Homa thought he needed the six-footer to stay in the lead. Then he learned that he was three shots ahead. “I knew in the back of my mind that if I make that putt, I win this golf tournament,” Homa said. “When I made that putt, I knew I was in a good spot both in the tournament but also mentally to be able to do that.”
He birdied the next hole before cautiously navigating Quail Hollow’s water-lined closing holes. He played that trio in 1 over to win by three shots over Joel Dahmen. It was Homa’s first PGA Tour win. He put on an impressive putting display, leading the field in Strokes Gained: Putting for the week and the final round. He didn’t make any putts outside 15 feet in the final round, but he gained strokes by being flawless from inside that distance. “I putted awesome this whole week,” Homa said, “and I stood up on that putt and we had a great read, and it was great to see it go in because I think I knew my golf game was good enough to do this, (but) there's a lot of doubts because when you haven't been here.”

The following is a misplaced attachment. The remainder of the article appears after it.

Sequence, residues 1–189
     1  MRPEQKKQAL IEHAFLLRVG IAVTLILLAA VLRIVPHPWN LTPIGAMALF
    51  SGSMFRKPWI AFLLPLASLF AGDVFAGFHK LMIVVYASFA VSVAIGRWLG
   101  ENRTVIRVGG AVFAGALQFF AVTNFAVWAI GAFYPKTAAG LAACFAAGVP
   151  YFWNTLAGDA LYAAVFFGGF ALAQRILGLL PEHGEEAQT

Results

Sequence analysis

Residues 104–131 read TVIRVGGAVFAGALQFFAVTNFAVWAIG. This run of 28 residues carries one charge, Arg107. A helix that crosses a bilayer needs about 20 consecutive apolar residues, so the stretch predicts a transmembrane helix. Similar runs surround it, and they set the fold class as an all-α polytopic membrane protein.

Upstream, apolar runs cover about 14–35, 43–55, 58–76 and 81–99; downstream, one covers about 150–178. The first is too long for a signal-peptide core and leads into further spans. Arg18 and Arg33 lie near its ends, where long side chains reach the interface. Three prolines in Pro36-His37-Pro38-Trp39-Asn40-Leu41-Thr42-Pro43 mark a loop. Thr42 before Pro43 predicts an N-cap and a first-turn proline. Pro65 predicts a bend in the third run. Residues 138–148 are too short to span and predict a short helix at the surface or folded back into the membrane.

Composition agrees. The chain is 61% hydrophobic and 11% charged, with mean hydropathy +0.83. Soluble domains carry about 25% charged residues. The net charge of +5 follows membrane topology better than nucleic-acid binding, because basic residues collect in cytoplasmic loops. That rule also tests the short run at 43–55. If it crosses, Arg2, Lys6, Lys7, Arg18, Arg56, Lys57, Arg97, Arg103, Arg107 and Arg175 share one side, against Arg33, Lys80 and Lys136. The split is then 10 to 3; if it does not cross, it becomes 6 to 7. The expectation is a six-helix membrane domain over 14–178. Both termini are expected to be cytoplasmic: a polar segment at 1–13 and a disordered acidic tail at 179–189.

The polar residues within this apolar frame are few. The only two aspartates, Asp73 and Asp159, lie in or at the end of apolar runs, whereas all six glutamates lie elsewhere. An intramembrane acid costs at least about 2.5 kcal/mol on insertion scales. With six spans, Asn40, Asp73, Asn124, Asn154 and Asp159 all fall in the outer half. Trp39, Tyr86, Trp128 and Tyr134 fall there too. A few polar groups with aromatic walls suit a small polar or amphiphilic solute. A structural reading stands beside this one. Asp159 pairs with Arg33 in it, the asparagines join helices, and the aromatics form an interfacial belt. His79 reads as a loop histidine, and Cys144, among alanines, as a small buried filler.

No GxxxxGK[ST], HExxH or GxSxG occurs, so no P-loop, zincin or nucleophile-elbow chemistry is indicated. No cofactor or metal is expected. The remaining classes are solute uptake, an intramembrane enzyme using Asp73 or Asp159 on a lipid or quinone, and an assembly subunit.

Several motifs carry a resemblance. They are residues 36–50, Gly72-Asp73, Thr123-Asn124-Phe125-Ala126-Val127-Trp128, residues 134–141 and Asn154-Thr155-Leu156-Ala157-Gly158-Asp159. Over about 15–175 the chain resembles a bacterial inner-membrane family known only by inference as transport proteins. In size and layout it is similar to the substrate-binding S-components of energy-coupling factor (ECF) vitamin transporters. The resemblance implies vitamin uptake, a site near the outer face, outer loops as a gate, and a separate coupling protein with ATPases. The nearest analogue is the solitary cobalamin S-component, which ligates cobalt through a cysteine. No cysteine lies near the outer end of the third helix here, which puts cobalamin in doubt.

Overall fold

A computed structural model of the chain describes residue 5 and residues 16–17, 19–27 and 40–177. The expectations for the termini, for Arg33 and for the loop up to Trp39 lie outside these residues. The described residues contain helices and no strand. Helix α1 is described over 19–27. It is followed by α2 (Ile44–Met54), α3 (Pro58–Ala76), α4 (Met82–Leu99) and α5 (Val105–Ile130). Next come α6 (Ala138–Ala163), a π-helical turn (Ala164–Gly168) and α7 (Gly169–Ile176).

He earned his first winner’s cheque by shooting 67 to finish at 15-under 269 (69-63-70-67). Joel Dahmen, who also was seeking his first PGA Tour win, finished alone in second. The victory moved Homa to 35th in the FedExCup standings and earned him a two-year exemption. Homa finished 163rd and 244th in the FedExCup in his first two PGA Tour seasons. “The only goal I had this year was to make it to the Tour Championship, so that’s obviously a big boost there,” Homa said. “Moving up that FedExCup’s sweet. The job security’s probably a little sweeter. I know it’s been tough on my family.”
The reigning FedExCup champion, Justin Rose, finished four back. Sergio Garcia, Rickie Fowler, Paul Casey and Jason Dufner all tied for fourth. Rory McIlroy was two shots back at the start of the day, but faded to eighth place with a 73.
Back in 2017, Homa shot a cumulative 61-over-par in 17 starts. “I refuse to give in and I believe that hard work will pay off,” he said. He made two birdies and no bogeys on the front nine to take a one-shot lead at the turn. He pulled away by holing putts of 14 and 13 feet to birdie the 10th and 11th holes.